The latest generation of desk-jockey’s admitted in a recent CISCO study that they frequently ignore and/or circumvent the information technology (IT) policies of their employers, heightening corporate risk.
Browsing Category: Mobile Security
Carrier IQ, the embattled software company at the center of the controversy over alleged data collection on mobile devices, has released a new document that details the ways in which carriers deploy the software, how it works on devices and what data it is capable of collecting. The company also admitted in the document that its software has a bug that, in some specific cases, could cause the application to collect the contents of SMS messages.
There has been another round of malicious apps discovered in the official Android Market, with this wave containing hidden functionality to send SMS messages to premium-rate numbers. The apps, which Google has pulled from the Market already, are counterfeit versions of popular games, including Angry Birds.
A lot has been said about the Carrier IQ software, the way that it’s used by carriers and whether it’s capable of intercepting calls, texts and data on users’ handsets. It’s still not clear exactly what’s going on, but one lesson that has emerged from all of this is this: The mobile devices people buy and use for personal and sensitive taks every day simply do not belong to them.
The controversy over stealthy monitoring software by CarrierIQ has raised important questions about user privacy and business ethics in the Brave New World of smart phones, tablets and the like. In the uproar over CarrierIQ’s surreptitious monitoring of mobile phone users, various tools have appeared that claim to be able to detect the software. However – removing CarrierIQ from your phone is another matter entirely. And,while some sites have offered instructions on doing so, Kaspersky Lab researcher Tim Armstrong said that, for all but a few mobile phone hardware experts, doing a CarrierIQ-pendectomy is a bad idea.
As the situation involving Carrier IQ continues to evolve and users become more aware of the software and its capabilities, a couple of tools designed to detect the application’s presence on mobile devices have emerged.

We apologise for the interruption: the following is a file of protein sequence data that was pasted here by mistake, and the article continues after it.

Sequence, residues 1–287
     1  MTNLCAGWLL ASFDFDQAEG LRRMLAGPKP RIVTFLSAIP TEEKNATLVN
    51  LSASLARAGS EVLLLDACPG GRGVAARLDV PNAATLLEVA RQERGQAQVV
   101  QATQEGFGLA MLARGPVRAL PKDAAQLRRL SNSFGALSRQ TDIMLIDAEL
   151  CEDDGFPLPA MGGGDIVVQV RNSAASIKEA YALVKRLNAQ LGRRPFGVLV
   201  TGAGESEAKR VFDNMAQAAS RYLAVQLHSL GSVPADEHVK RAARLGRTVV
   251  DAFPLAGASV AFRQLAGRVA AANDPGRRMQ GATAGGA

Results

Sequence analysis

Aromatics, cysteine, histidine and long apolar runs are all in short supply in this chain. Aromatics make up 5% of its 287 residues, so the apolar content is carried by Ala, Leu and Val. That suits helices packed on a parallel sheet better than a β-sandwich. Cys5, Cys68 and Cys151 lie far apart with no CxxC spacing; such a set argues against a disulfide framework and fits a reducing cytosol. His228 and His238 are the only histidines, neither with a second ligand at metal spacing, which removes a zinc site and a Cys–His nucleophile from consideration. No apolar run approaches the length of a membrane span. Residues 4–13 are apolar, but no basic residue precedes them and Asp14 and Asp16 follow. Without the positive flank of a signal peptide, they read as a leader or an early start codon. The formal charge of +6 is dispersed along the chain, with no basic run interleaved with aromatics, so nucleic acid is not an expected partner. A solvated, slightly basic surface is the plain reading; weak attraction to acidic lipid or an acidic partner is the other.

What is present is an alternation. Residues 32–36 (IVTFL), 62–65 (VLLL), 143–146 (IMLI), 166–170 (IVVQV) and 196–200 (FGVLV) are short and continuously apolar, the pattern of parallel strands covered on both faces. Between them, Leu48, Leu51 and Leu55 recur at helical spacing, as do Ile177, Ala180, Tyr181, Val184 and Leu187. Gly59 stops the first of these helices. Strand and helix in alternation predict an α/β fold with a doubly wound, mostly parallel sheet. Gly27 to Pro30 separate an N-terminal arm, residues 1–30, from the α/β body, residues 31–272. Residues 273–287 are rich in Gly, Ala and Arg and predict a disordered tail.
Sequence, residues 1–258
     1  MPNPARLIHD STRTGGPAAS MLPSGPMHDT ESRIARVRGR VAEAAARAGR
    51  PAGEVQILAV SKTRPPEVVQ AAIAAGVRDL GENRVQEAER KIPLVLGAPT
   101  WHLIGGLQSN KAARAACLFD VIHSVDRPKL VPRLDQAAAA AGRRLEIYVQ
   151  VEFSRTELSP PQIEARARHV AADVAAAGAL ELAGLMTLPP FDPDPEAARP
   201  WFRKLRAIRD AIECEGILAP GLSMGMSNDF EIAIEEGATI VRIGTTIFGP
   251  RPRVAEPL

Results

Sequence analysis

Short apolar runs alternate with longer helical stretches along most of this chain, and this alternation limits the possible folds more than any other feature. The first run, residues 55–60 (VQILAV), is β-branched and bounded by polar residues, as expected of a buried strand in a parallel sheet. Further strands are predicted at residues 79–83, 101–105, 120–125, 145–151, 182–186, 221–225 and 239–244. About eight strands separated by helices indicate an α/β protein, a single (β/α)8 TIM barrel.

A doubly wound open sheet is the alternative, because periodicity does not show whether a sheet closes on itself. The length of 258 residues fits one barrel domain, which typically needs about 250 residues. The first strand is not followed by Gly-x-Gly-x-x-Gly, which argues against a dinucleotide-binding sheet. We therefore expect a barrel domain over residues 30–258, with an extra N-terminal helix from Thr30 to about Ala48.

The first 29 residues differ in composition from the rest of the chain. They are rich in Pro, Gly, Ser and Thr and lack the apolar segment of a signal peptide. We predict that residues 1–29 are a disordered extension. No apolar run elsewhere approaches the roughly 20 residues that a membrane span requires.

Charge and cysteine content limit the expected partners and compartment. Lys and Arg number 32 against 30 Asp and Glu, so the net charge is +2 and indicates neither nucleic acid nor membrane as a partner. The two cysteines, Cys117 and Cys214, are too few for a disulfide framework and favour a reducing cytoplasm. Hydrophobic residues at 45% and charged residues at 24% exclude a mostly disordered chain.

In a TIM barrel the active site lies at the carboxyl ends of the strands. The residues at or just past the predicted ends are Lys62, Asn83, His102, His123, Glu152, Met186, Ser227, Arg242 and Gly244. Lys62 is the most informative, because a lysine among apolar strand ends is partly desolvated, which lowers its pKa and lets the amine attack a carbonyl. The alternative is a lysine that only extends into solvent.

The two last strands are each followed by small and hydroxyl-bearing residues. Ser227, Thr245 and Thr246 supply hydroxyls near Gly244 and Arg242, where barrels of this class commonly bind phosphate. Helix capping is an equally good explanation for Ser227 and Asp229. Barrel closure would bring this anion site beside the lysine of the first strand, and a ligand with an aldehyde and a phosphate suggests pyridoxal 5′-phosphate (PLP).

The researchers who last week said they had succeeded in jailbreaking the RIM PlayBook tablet have now posted a detailed walkthrough of how users can accomplish the same task on their own. The technique requires the use of a custom tool, but otherwise is fairly straightforward.
Security researchers who have investigated the inner workings of the Carrier IQ software and its capabilities say that the application has some powerful, and potentially worrisome capabilities, but that as it’s currently deployed by carriers it doesn’t have the ability to record SMS messages, phone calls or keystrokes. However, the researchers note that there is still potential for abuse of the information that’s being gathered, whether by the carriers themselves or third parties who can access the data legitimately or through a compromise of a device.
The half life of the CarrierIQ “rootkit” scandal proved to be a little more than a week. That’s about how long it took for Trevor Eckhart, a young, Connecticut-based Android developer to begin raising questions about some stealth software he discovered running on Android phones by HTC and speculation in the media and online to run rampant about what kinds of spying said software might be engaged in. It was time enough for CarrierIQ to issue a lawyer letter threatening to sue the Eckhart and the Electronic Frontier Foundation to come to his defense and even for Congress to get involved – each of which ensured even more news cycles would be taken up with the mini-controversy. And it was time, at long last, for more information to become available about what was really going on with CarrierIQs software, and for cooler heads to prevail on both sides. The question, now, is why incidents like this provoke our anger so – and what we can do to stop them from happening again.
The ongoing controversy about Carrier IQ’s software has now entered the courts.